Wealth accumulated by the richest one percent will exceed that of the other 99 percent in 2016, the Oxfam charity said on Monday, ahead of the annual meeting of the world’s most powerful at Davos, Switzerland.
“The scale of global inequality is quite simply staggering and despite the issues shooting up the global agenda, the gap between the richest and the rest is widening fast,” Oxfam executive director Winnie Byanyima said.
The richest one percent’s share of global wealth increased from 44 percent in 2009 to 48 percent in 2014, the British charity said in a report, adding that it will be more that 50 percent in 2016.
The average wealth per adult in this group is $2.7 million (2.3 million euros), Oxfam said.
Of the remaining 52 percent, almost all – 46 percent – is owned by the rest of the richest fifth of the world’s population, leaving the other 80 percent to share just 5.5 percent with an average wealth of $3,851 (3,330 euros) per adult, the report says.
Byanyima, who is to co-chair at the Davos World Economic Forum taking place Wednesday through Friday, urged leaders to take on “vested interests that stand in the way of a fairer and more prosperous world.”
Oxfam called upon states to tackle tax evasion, improve public services, tax capital rather than labour, and introduce living minimum wages, among other measures, in a bid to ensure a more equitable distribution of wealth.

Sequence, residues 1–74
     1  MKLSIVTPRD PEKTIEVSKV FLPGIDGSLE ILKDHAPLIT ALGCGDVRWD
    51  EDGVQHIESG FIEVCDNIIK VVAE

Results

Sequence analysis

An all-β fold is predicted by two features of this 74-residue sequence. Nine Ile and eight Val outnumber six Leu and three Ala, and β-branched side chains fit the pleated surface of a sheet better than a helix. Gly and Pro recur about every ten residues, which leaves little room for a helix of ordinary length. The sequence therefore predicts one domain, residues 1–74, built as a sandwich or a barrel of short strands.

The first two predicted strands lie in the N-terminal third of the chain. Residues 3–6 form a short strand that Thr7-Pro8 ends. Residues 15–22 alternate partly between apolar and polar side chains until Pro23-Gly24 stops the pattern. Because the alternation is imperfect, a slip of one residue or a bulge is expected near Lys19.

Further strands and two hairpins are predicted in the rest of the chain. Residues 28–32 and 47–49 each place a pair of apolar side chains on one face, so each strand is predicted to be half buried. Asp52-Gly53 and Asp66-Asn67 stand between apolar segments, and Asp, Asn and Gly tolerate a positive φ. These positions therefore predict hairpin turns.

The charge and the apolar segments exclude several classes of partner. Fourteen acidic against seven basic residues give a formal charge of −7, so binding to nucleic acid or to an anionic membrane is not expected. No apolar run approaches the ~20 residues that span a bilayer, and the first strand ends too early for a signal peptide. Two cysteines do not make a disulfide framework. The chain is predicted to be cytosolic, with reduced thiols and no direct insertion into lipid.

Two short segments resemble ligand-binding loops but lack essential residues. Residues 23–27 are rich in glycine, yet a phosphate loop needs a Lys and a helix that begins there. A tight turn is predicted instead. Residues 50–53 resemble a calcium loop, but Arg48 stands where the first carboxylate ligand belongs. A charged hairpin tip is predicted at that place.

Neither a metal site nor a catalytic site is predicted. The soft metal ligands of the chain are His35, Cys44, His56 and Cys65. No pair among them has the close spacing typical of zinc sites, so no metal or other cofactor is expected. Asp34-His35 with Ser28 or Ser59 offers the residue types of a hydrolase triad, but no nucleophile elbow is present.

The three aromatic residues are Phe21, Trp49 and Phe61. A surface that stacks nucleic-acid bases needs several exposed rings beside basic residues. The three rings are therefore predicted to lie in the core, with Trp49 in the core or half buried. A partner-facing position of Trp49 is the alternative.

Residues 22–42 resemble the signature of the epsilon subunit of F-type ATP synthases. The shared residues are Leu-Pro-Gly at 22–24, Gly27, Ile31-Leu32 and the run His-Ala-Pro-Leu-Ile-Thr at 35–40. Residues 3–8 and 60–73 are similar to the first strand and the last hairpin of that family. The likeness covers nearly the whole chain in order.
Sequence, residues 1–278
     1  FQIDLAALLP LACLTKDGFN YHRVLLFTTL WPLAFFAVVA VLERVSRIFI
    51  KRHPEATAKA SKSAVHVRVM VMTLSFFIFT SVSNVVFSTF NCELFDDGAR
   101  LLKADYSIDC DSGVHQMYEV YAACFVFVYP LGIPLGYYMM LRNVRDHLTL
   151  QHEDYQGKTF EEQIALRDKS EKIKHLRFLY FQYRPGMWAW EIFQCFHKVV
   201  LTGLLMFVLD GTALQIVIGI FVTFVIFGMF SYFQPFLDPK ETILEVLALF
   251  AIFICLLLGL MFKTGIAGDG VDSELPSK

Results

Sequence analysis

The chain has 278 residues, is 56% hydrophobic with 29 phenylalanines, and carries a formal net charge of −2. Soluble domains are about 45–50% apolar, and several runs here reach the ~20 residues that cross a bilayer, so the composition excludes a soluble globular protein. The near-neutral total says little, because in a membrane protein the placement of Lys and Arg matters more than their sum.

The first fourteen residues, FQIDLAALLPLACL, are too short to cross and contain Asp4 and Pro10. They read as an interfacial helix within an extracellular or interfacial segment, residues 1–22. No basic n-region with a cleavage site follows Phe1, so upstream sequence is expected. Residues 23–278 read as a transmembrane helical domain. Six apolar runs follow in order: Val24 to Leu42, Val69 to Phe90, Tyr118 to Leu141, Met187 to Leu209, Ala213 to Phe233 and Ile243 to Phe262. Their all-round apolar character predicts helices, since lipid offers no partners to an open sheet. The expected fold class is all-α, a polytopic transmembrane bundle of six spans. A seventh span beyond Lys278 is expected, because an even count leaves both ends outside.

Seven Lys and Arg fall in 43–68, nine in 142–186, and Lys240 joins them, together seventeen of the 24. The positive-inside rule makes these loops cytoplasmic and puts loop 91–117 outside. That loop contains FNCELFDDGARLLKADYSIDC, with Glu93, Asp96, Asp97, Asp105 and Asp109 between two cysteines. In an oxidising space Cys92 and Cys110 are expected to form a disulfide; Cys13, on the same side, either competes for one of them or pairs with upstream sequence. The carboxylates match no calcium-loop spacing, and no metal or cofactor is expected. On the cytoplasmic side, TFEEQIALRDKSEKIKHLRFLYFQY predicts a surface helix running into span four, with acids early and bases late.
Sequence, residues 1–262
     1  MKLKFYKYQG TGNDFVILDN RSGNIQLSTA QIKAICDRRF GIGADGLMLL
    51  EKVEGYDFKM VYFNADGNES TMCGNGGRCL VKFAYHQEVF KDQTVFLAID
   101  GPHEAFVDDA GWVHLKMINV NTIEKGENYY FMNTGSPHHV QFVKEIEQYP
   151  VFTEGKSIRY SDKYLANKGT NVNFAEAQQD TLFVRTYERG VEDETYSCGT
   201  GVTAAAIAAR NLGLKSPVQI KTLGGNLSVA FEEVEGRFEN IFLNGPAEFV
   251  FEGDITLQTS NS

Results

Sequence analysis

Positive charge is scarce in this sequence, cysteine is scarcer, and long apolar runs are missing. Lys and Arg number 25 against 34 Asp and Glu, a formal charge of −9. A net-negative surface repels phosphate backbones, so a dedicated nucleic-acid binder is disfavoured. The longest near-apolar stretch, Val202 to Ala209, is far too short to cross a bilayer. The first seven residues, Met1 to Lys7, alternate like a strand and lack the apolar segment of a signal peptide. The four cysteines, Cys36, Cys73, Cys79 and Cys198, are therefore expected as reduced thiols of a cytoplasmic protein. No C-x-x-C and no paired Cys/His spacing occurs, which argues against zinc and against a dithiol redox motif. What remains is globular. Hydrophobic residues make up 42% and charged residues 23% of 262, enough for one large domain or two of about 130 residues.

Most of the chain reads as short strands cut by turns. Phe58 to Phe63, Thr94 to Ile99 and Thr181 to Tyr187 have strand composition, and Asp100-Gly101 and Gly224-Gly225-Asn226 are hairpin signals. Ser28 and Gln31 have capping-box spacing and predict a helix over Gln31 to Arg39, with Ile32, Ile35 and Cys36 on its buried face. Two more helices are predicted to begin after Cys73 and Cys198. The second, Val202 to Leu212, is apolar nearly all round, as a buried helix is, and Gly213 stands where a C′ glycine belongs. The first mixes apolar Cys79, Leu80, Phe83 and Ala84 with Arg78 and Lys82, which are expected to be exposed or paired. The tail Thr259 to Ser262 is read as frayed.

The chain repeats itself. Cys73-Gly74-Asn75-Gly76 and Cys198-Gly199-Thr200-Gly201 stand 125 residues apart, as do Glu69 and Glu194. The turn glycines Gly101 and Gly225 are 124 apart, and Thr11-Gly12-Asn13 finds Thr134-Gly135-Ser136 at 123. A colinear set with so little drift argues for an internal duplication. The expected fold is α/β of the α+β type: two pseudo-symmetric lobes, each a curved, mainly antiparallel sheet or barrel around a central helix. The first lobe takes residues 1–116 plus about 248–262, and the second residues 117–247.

The 45th World Economic Forum that runs from Wednesday to Saturday will draw a record number of participants this year with more than 300 heads of state and government attending.
Rising inequality will be competing with other global crises including terrorist threats in Europe, the worst post-Cold War stand-off between Russia and the West and renewed fears of financial turmoil.
France’s Francois Hollande, Germany’s Angela Merkel and China’s Li Keqiang will be among world leaders seeking to chart a path away from fundamentalism towards solidarity.
Italian Prime Minister Matteo Renzi and US Secretary of State John Kerry are also expected.
Beyond geopolitical crises, hot-button issues like the Ebola epidemic, the challenges posed by plunging oil prices and the future of technology will also be addressed at the posh Swiss ski resort.